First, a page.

HD Tach RW 18.104.22.168:
Next, I used HD Tach to test the Agility 3's read, write and burst speeds as well as its seek times and CPU usage.
OCZ Agility 3 120GB
Looking at the screenshot above, you can see that the Agility 3 had average read and write speeds of 326.5 MB/s and 314.5 MB/s respectively, as well as a burst speed of 316.2 MB/s.
ATTO Disk Benchmark 2.46:
I also used ATTO Disk Benchmark to test the Agility 3's sequential read and write speeds. The tests are run using blocks ranging in size from 0.5KB to 8192KB and the total length set to 256MB.
When tested with ATTO, the Agility 3's read speeds topped out at about 536 MB/s and its write speeds at 444 MB/s.
HD Tune Pro 4.61:
Next, I ran a series of tests using HD Tune Pro. This hard disk utility measures a drive's performance by testing its sequential read and write speeds as well as its access time, burst rate and CPU usage. For this review, I'm also going to use it to benchmark the Agility 3's random read and write speeds, random access times and the number of operations per second.
The Agility 3 performed very well when benchmarked with HD Tune. The drive had average read and write speeds of 486.9 MB/s and 381.0 MB/s, respectively, and a burst rate of 330 MB/s when reading.
The Agility 3 didn't disappoint when doing random reads and writes. When reading 4KB blocks, the drive reached 11339 IOPS and had an average speed of 44.295 MB/s. The Agility 3 was even faster when writing, reaching 17899 IOPS with an average speed of 69.918 MB/s.
Lastly, I ran a series of tests using Iometer. This tool can be configured to benchmark a number of things. In this case, I used it to measure the Agility 3's read and write speeds and the number of operations per second. The tests were run using both repeating and random bytes and a queue depth of 3.
The Agility 3's performance was very similar to what we saw in our other tests. With highly compressible, repeating data, the drive was able to read at 501.82 MB/s and write at 421.63 MB/s. Unfortunately, the Agility 3 did not perform nearly as well with random data. In our tests, the drive's read and write speeds dropped to 278.62 MB/s and 146.34 MB/s, respectively.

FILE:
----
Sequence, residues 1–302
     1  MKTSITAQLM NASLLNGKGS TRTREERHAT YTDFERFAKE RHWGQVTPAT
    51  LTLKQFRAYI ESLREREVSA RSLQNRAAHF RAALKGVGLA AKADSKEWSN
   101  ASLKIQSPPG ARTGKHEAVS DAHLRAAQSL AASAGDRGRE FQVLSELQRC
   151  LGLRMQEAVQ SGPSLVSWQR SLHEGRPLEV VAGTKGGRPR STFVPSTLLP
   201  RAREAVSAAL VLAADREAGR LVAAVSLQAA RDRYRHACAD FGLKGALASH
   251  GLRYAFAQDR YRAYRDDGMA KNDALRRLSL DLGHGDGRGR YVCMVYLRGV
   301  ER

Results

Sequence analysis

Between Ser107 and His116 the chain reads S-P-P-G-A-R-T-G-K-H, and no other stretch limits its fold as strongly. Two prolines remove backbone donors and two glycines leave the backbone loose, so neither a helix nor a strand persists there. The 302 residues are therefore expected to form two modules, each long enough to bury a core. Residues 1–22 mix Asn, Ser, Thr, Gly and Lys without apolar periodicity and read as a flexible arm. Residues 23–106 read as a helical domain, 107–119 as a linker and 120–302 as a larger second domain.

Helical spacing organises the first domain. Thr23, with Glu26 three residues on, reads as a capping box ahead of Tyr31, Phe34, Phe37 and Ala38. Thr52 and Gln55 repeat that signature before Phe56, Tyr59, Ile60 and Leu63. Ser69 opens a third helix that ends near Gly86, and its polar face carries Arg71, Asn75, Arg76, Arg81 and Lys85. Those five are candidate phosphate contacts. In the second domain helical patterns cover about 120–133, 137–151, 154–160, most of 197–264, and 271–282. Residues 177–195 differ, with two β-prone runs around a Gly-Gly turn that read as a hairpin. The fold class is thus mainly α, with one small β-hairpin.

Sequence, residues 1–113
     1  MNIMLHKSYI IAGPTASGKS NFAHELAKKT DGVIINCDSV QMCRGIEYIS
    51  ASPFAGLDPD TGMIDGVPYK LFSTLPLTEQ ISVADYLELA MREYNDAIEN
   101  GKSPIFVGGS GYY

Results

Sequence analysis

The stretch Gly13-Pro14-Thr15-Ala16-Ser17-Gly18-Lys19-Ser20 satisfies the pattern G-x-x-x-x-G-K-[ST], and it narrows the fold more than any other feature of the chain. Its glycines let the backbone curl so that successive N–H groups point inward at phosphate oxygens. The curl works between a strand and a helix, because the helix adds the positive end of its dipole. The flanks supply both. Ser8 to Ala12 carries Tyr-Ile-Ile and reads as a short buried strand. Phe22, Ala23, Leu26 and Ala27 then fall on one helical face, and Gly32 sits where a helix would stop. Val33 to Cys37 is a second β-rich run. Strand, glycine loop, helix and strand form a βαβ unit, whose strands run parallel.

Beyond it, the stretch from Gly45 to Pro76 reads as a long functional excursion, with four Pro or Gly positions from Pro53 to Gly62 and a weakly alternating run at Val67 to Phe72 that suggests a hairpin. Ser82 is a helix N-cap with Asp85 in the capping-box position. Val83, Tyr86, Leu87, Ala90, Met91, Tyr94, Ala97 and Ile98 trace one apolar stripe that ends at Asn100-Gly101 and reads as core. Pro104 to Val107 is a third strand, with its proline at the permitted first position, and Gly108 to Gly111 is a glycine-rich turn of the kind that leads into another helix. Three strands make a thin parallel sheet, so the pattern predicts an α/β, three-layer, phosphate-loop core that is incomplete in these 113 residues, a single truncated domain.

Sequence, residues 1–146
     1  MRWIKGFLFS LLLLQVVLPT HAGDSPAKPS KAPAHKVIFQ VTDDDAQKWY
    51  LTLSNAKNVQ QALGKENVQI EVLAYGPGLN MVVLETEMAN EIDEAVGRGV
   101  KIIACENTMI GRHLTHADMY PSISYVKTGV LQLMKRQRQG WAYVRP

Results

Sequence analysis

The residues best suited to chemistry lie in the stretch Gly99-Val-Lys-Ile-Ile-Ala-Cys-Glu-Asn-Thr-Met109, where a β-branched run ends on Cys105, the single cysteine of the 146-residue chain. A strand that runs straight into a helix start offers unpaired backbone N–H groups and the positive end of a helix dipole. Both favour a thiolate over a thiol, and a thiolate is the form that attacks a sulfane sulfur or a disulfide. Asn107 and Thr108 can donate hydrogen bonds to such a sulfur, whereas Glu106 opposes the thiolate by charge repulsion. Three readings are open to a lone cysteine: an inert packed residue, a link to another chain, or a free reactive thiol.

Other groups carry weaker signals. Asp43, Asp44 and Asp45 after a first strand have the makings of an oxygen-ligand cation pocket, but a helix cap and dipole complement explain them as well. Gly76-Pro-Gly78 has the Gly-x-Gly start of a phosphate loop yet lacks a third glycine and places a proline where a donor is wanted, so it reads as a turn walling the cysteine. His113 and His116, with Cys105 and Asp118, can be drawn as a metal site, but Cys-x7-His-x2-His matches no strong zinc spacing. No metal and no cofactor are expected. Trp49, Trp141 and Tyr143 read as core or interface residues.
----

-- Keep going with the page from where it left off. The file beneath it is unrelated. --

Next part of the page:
The Agility 3 performed very well when doing random reads and writes. With repeating data, the drive was able to read at 51.54 MB/s and write at a blazing 258.59 MB/s. Here too, the Agility 3 took a performance hit when tested with random data. However, it was still able to write at 139.15 MB/s.
According to OCZ, the Agility 3 is capable of 50,000 IOPS when randomly writing 4K blocks. In our tests, the drive reached 66,201 IOPS with repeating data and 35,623 IOPS with random data.
While SSD's offer many benefits, there are some downsides to using flash memory. One of the biggest issues people run into is performance degradation. Over time, an SSD will run out of fresh blocks and will have to write over data the file system has marked as deleted. This procedure is very complicated and can slow an SSD's write speeds considerably.
To address this problem, most manufacturers have added TRIM support to their SSDs. The TRIM command allows an operating system, such as Windows 7, to tell an SSD which data blocks are no longer in use. Using this information, the drive pro-actively erases these blocks and adds them to the free block pool.
To test the Agility 3's TRIM function, I first put the drive in a "dirty" state. I used Iometer to fill the entire drive and then ran a random write test for 20 minutes. Surprisingly, this had very little effect on the Agility 3's write speed. However, its average read speed dropped to 127.3 MB/s.
OCZ Agility 3 - Dirty
To see how well the Agility 3 could recover, I let the computer sit for a few hours and then reran the test. While the drive wasn't able to reach the factory fresh performance shown in our earlier tests, its average read speed climbed up to 258.4 MB/s.
OCZ Agility 3 - After Trim
Lastly, I used OCZ's Toolbox utility to perform a secure erase on the Agility 3. With the drive wiped clean, its read speed jumped back up to 327.5 MB/s.
OCZ Agility 3 - Wiped
While not exactly a "budget" SSD, OCZ's new Agility 3 delivers a lot of bang for your buck. Based on the same SandForce SF-2281 controller as the Vertex 3, the Agility 3 is capable of some impressive performance. Thanks to its SATA 6Gb/s interface, the drive performed very well in our sequential read and write tests, reading at speeds as high as 536 MB/s and writing at speeds in excess of 430 MB/s. These numbers dropped considerably when reading and writing incompressible data due in part to the Agility 3's asynchronous NAND. However, most consumers probably won't notice this unless they're working with video and music files that are already highly compressed. The Agility 3 also features TRIM support and is backed by a three year warranty which includes access to OCZ's toll-free tech support as well as their 24 hour support forums.
- Available in 60GB, 120GB and 240GB capacities
- Excellent sequential read and write speeds
- SATA 6Gb/s interface
- Supports TRIM, SMART and NCQ
- 3 year warranty
- Reasonably priced
- Considerably slower with incompressible data
- Does not include a 2.5" to 3.5" adapter bracket